Birth Control Measures

Facts:
According to 11th report of Common Review Mission of National Health Mission (NHM), women bear uneven burden in family planning as they account for more than 93% of sterilisations in the country.
Why male sterilization is better?
Male Sterilization is cheaper and less risky as compared to female sterilization. Despite this, female sterilization contributes to more than 95% of all sterilizations in India.
Why government is pushing for male sterilization?
  • To encourage men to bear burden on family planning
  • To improve skewed family-planning towards female. Male sterilization rates have been very low as compared to women.
  • Male sterilization is cheap and less risky procedure as compared to women’s, thus, minimizes sterilization-related deaths. E.g. Chhattisgarh case.
  • There are no side effects and lesser chances of post operation complications like bladder problems.
What are some of the measures to ensure Birth Control in long term?
  • Birth-control related education
  • Awareness campaigns such as spacing of three years between children, using contraceptive pills, Copper-T, condoms etc. need to be encouraged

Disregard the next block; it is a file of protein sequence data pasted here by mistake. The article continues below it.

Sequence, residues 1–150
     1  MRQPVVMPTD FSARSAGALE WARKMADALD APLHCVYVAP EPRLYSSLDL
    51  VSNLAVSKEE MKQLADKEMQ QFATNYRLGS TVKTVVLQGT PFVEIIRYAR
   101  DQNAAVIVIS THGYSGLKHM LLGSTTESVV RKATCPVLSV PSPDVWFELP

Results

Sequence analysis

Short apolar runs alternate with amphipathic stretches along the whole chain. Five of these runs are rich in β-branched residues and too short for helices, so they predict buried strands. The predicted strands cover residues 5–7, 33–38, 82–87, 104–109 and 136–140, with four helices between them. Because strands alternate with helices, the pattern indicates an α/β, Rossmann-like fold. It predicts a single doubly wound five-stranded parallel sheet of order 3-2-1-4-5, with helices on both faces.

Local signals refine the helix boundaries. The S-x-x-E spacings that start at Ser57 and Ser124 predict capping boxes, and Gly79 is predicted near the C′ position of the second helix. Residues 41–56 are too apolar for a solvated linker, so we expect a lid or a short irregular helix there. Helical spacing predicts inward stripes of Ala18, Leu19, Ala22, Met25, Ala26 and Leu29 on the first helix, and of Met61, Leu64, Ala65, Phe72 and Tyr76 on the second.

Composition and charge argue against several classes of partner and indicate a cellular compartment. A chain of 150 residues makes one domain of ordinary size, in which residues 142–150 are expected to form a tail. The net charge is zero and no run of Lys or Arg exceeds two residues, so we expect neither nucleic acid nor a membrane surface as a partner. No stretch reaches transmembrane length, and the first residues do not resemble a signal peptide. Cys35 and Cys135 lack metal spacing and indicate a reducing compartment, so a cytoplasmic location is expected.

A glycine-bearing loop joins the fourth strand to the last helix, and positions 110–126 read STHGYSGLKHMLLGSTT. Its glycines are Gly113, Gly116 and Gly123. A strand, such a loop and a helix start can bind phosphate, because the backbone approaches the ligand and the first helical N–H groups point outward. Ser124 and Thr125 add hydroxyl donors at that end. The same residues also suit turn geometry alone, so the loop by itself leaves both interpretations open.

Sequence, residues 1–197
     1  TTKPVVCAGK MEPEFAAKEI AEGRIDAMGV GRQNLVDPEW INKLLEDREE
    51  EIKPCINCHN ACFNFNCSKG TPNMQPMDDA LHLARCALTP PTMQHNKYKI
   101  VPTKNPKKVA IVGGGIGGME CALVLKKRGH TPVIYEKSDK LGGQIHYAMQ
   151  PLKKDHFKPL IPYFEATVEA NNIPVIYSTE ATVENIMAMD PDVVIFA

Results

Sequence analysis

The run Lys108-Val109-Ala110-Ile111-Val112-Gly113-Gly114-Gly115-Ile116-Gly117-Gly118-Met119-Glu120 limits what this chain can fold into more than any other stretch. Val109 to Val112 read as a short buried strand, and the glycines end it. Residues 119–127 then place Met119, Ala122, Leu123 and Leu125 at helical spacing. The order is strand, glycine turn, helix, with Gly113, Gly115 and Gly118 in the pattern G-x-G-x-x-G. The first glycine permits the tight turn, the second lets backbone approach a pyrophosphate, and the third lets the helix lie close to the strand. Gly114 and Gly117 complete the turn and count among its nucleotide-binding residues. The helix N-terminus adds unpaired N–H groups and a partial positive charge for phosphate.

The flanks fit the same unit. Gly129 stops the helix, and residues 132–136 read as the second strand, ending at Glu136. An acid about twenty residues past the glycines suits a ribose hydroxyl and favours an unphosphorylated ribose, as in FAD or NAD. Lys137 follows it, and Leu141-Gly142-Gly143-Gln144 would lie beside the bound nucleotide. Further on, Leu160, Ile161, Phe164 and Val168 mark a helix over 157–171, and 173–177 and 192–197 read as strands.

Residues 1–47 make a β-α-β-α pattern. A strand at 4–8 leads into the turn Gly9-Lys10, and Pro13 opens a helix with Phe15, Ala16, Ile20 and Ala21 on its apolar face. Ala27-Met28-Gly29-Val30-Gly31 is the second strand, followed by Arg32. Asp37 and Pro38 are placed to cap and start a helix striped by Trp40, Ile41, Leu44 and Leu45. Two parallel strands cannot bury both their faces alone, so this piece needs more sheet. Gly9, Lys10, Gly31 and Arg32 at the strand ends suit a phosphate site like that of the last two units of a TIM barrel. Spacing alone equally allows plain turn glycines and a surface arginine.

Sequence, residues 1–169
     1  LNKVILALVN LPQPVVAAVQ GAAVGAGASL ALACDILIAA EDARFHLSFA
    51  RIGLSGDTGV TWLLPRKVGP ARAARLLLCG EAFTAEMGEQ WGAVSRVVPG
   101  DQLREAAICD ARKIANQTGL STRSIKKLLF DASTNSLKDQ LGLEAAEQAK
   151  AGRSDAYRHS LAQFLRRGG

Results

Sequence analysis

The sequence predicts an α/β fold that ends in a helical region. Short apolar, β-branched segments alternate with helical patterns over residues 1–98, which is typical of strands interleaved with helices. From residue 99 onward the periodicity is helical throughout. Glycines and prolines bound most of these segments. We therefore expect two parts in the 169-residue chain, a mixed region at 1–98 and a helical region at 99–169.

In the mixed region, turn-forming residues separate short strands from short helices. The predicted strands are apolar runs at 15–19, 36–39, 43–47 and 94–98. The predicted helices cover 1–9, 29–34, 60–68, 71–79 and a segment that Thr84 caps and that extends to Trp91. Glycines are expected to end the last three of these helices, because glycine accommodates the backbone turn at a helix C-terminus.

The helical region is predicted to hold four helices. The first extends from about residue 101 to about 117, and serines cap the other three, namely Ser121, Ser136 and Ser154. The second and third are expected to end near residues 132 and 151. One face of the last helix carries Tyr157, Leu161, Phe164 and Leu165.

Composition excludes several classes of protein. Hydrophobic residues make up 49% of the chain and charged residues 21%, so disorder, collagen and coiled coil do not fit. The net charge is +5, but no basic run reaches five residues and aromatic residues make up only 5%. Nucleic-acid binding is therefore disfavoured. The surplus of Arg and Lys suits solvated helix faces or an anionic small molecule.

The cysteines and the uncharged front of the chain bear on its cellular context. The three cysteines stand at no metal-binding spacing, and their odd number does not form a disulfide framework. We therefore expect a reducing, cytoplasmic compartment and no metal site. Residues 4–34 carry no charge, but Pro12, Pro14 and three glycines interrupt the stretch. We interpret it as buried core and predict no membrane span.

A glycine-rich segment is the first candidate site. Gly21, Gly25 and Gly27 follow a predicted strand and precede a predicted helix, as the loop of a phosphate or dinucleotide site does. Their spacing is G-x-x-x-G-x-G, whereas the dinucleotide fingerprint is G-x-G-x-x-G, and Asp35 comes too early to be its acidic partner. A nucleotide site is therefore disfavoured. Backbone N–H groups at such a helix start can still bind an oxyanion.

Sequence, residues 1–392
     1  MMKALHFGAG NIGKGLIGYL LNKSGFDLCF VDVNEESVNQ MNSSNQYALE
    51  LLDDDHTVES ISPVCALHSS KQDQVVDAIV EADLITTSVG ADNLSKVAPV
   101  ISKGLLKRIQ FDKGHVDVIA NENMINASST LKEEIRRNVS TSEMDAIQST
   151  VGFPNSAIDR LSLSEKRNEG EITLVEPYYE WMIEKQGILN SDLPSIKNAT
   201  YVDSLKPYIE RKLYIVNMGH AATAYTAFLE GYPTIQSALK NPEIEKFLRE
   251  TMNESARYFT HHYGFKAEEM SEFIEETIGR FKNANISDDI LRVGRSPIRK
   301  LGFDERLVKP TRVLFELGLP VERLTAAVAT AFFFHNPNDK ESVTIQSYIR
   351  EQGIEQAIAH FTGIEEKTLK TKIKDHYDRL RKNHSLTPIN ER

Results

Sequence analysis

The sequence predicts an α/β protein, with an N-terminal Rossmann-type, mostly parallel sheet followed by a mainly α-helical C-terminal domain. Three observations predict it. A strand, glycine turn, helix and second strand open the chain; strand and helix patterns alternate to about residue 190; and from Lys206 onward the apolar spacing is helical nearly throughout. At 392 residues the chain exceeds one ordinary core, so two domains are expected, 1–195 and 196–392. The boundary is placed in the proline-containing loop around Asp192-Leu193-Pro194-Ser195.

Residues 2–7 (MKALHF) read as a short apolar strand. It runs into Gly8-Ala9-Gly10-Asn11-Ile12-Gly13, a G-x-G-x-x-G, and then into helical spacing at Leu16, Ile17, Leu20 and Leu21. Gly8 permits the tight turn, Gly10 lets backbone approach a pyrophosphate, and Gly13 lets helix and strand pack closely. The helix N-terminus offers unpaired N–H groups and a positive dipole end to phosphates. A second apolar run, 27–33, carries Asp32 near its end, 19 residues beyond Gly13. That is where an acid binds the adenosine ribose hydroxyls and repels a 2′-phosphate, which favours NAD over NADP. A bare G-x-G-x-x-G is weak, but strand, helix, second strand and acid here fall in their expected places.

• Providing free and affordable contraceptive pills, condoms etc. to the families. especially in rural areas and to the poor families in urban areas by the govts. and NGOs.
  • Reduction in IMR, CMR, will lead to reduction in TFR hence need for improved affordable health care.
  • There is a direct link between high TFR and poverty( Malthus Principle). Thus effective poverty alleviation programmes needed to reduce TFR in long term
What are the reasons for low male sterilisation?
  • The vasectomy or male sterilisation services still remain inadequately available across the country. Despite efforts to make male sterilisation more acceptable, it was found that non-scalpel vasectomy services are available in very few facilities and uptake is negligible in all states.
  • Reluctance of Indian men to undergo vasectomy or sterilisation stems from history, social taboo and logistical limitations.
  • Forced sterilisations during emergency have given this procedure of family planning bad name.
  • Moreover, misinformation about it robbing men of their strength has made it social taboo and fact that there are no male health workers means these impressions cannot be corrected.
  • Due to male dominate nature of India society, it is also difficult for ASHA worker in village to talk to men about sterilisation.

 

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